6 responses

  1. Cordula
    December 21, 2014

    thank you! some ideas i already know, but some certainly not!
    this will give my brain a nice workout too.
    Cordula

    Reply

  2. Leta Davis
    December 22, 2014

    This is really great…. I’m passing it on to my students right now. I have been having my violin students play 12 keys starting the scale on all finger 1 then all 2 etc. I have also used Christian Howes’ idea of extended range. I like changing up the fingering and start note. Also playing across chordal voicings 1,3,5,7,9,11. A thing fiddle players can shamelessly exploit because of the easy fingering. In reality when the solo starts I want to use some war horse ideas to get started and then break out… And be able to return to the stable if I need it. I’m not gifted with the talent or the practice schedule of many of you great players plus I work with mostly beginners so these help. Thanks so much.

    Reply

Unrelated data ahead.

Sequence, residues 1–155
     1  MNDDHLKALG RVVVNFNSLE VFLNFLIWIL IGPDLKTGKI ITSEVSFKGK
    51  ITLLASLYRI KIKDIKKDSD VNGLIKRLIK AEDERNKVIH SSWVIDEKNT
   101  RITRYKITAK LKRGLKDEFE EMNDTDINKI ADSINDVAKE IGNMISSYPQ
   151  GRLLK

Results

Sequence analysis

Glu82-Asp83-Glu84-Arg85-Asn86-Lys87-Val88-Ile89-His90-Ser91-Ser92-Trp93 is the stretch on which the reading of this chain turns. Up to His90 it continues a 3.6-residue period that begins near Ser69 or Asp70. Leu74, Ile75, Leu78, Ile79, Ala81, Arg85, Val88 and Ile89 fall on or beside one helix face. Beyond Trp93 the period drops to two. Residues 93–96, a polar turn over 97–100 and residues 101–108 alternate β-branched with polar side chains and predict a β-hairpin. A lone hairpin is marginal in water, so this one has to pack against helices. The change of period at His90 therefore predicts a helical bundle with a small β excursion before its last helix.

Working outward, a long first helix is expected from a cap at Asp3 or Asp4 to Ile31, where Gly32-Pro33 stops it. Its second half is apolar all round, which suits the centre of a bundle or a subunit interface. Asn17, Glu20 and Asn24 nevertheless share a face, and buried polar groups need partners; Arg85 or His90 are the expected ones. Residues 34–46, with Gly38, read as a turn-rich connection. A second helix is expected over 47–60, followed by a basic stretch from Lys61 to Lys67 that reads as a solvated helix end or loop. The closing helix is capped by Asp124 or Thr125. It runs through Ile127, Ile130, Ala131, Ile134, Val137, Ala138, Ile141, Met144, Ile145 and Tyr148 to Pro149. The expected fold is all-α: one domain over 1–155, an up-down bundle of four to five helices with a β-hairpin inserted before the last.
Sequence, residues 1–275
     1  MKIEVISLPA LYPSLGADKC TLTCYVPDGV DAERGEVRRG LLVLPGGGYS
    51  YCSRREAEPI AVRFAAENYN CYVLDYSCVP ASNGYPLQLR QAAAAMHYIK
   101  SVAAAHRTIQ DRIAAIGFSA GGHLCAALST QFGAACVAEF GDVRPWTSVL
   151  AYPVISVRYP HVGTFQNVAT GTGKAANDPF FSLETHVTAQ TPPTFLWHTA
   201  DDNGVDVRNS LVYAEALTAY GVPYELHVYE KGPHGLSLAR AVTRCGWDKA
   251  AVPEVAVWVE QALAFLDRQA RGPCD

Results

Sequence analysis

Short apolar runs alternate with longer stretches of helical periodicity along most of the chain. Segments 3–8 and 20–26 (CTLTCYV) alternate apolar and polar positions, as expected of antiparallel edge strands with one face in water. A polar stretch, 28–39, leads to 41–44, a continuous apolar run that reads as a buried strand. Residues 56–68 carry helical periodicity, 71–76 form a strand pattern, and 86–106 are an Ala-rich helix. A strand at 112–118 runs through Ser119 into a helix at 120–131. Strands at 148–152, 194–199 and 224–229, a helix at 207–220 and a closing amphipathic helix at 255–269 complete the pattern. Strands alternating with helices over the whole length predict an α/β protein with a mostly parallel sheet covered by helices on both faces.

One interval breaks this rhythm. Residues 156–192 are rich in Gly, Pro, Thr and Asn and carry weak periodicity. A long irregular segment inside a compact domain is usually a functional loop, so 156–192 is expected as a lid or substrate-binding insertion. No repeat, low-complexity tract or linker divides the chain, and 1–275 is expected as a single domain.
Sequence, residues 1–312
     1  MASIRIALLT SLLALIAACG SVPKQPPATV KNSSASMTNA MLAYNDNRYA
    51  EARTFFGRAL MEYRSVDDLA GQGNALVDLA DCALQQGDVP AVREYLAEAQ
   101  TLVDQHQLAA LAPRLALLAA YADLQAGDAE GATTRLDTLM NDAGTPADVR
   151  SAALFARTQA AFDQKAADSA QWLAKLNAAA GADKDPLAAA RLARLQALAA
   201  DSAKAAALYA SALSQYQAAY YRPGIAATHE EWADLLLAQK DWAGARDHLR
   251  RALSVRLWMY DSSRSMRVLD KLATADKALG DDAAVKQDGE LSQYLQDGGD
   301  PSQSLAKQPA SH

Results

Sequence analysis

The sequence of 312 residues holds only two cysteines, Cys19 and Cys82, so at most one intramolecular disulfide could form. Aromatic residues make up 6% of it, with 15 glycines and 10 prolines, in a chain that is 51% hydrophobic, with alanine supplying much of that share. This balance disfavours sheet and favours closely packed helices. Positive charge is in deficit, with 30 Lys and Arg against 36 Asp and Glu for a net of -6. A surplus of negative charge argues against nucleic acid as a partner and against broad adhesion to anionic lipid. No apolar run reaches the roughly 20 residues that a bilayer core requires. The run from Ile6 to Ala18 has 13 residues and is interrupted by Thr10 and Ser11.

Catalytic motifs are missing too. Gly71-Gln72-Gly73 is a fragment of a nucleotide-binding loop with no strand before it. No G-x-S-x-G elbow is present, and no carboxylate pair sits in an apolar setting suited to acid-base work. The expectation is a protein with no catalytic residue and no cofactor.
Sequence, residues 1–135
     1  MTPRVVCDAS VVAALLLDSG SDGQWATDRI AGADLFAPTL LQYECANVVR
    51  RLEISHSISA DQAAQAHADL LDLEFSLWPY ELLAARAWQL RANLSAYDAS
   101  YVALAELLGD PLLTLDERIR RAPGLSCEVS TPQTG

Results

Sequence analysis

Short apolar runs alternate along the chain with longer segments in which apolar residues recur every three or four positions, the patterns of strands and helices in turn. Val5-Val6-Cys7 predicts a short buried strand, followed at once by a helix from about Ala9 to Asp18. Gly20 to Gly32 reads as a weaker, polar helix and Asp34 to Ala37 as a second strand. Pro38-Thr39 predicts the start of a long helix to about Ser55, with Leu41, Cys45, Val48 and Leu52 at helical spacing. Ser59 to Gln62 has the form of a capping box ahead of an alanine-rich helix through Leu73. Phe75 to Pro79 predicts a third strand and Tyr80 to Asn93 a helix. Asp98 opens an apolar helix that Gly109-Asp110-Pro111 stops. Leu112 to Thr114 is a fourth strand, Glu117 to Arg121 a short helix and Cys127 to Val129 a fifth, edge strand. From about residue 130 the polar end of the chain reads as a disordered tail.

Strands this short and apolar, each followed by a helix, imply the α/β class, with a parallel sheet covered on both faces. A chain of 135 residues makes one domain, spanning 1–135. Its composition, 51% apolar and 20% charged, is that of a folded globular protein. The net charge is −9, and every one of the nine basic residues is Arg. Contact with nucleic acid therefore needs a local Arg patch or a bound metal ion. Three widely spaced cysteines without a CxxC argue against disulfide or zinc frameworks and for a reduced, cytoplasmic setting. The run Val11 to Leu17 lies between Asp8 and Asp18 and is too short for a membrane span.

3. Stephen Katz
    December 23, 2014

    Thanks Adam. This is really helpful to me!

    Reply

  4. Kit Eakle
    December 24, 2014

    Great article, Adam! VERY applicable to the violin, obviously… Thinking in terms of fingering patterns for various sections of each mode and scales and moving them around the fingerboard to different key centers can also be helpful – and playing such patterns in a non-linear ‘improvised’ patterns that make musical sense, rather than slavishly following a pattern, like broken thirds, or whatever can also be helpful.

    Reply

  5. Kari Clifton
    February 3, 2016

    This is something I’ve been looking for but had no idea where to find until a friend pointed me in the right direction. I’m a little late to the party too, but am ecstatic about this! I’d had similar ideas when it comes to gaining the necessary tools to become a good improviser, yet was never really sure how to actually go about practicing. Cello has always proven difficult for me to improvise on in the jazz realm because of the traditional way we’ve been taught practice. After reading through you can see that the traditional methods for practicing scales are very limiting. I’m sooooo so glad for this! Definitely changes the way I will practice scales and opens another door to how I view the possibilities of cello.

    Reply

  6. Gregory
    March 8, 2016

    I love what you say about bottom heavy exercises and about being too focused on tonality. A lot to think about there. Thanks for this post!

    Reply

Leave a Reply

Your email address will not be published. Required fields are marked *

 

This site uses Akismet to reduce spam. Learn how your comment data is processed.

Back to top
mobile desktop